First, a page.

Tag Archives: Greater Good Science Center

Christine Carter to talk about managing life’s complexities

Christine Carter. Photo: Blake Farrington
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By Jill Suttie

In 2009, Christine Carter felt like she had it all. Working her dream job at the Greater Good Science Center at UC Berkeley, she was helping further the study and dissemination of the science of happiness. She had two wonderful kids, a best-selling book called Raising Happiness, a popular blog, and frequent requests for speaking engagements.

Then she got sick. At first, it seemed like no big deal—just a little strep throat. But she took a round of antibiotics and didn’t recover; then she took more. Nine courses of antibiotics later, she still hadn’t healed. Instead, she ended up in a hospital with a severe kidney infection. The diagnosis?

“Exhaustion,” says Carter. “My body had basically lost the ability to heal itself.“

That’s when she realized something was really wrong. Her life had become completely out of whack, and it was taking its toll.

“Here I was, an expert on how to sustain high performance and be happy, and I could not get myself healthy, because I was overwhelmed and exhausted,” she says. “The irony was not lost on me.”

That’s when Carter began to chart a new course. Using her background in studying elite performance and productivity, as well as happiness, positive emotions, and well-being, she put together a plan to reinvent her life. That experience, as well as correspondence from her readers complaining that they felt overwhelmed, inspired her to write a book about her path to healing: the newly published The Sweet Spot: How to Find Your Groove at Home and Work. … Continue reading »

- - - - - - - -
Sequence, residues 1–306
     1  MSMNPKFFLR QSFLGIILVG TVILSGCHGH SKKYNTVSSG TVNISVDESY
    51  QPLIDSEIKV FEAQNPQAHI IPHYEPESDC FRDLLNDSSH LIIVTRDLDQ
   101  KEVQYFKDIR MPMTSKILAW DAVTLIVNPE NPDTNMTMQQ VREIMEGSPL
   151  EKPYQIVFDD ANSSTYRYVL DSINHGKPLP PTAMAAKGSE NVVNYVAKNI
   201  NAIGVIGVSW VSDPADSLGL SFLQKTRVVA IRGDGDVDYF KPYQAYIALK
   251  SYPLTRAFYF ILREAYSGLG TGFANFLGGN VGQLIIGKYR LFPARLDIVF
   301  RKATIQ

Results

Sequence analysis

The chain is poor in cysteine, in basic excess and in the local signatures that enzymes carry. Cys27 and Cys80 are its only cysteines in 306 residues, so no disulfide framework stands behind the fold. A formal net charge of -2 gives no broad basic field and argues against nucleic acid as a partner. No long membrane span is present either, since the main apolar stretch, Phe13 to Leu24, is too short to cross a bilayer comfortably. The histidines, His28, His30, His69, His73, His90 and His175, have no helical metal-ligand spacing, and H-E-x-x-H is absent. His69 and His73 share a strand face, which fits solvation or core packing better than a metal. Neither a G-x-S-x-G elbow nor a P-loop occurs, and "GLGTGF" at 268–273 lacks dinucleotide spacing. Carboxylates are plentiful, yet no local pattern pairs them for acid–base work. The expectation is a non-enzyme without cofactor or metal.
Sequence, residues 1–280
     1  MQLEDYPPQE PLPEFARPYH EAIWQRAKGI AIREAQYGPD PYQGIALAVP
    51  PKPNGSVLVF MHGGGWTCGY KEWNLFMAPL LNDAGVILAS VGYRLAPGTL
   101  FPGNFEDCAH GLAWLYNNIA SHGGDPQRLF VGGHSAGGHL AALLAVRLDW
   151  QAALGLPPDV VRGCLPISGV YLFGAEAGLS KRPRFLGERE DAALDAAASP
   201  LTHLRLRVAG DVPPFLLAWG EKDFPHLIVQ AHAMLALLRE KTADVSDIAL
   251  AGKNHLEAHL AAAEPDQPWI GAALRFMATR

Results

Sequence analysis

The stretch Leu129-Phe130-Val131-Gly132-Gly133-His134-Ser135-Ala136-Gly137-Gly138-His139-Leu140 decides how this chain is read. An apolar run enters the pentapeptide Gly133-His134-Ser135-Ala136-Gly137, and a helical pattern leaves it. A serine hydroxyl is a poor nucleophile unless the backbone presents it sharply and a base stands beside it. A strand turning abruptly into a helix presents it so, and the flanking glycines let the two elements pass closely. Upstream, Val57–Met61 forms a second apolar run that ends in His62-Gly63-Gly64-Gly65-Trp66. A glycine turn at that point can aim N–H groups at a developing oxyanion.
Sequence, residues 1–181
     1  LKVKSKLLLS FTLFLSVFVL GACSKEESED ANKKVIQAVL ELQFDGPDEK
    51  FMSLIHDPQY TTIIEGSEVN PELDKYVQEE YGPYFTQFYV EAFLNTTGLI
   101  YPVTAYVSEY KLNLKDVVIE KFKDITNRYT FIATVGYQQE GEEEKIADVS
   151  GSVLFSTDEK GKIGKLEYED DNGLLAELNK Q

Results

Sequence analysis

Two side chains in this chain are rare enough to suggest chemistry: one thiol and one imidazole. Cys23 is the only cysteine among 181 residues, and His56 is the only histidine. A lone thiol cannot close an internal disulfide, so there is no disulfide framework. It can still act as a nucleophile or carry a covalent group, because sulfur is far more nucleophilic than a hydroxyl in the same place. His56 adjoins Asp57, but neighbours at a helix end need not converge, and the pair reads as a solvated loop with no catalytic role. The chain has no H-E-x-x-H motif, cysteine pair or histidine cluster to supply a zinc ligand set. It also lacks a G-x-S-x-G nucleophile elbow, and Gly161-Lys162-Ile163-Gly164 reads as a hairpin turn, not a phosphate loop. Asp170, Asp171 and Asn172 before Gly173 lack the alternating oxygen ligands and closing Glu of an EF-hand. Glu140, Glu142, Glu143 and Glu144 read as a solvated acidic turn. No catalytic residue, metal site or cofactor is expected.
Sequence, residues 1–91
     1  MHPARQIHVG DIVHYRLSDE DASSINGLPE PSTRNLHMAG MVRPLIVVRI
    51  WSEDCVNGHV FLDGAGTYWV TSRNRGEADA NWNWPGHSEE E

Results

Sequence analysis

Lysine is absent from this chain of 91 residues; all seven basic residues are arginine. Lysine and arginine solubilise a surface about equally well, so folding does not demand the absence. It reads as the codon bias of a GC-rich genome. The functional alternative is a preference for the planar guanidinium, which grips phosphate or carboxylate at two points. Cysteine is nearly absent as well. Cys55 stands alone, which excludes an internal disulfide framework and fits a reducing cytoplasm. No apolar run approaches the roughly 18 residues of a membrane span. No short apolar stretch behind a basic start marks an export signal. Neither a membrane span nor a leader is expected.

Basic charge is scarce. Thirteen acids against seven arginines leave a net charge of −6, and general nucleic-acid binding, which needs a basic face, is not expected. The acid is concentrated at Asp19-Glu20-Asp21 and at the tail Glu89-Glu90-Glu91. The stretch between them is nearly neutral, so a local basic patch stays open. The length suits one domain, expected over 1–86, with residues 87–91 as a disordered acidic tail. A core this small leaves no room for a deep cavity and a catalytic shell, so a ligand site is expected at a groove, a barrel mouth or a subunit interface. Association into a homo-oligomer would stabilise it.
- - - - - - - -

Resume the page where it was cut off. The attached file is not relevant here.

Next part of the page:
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Express thanks online, get happier with new Cal study

The staff of the UC Berkeley Greater Good Science Center, from left to right:  Dacher Keltner, Vicki Zakrzewski, Christine Carter; Ann Shulman, Emiliana Simon-Thomas, Jason Marsh, Jeremy Adam Smith and Jesse Antin, and Elna Brunckhorst. Photo: Elyna Anderson
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With gratitude on everyone’s mind this week, a recently launched online study at UC Berkeley’s Greater Good Science Center makes it easy to, in one fell swoop, give thanks and contribute to a growing body of research on the subject.

The endeavor is based on the work of UC Davis psychology professor Bob Emmons, who has found that students who kept gratitude journals for a short period of time experienced strengthened resilience, became less vulnerable to daily stresses and suffered less from minor health complaints such as rashes and headaches.

Emmons teamed up with the Greater Good Science Center at UC Berkeley to launch a new website, Thnx4.org, earlier this month. The website functions as an interactive, shareable gratitude journal, as well as an online database for researchers who are studying gratitude. Entries made by participants are kept private (for research purposes only) unless participants elect to share them, either via an anonymous public feed or through their own social networks. … Continue reading »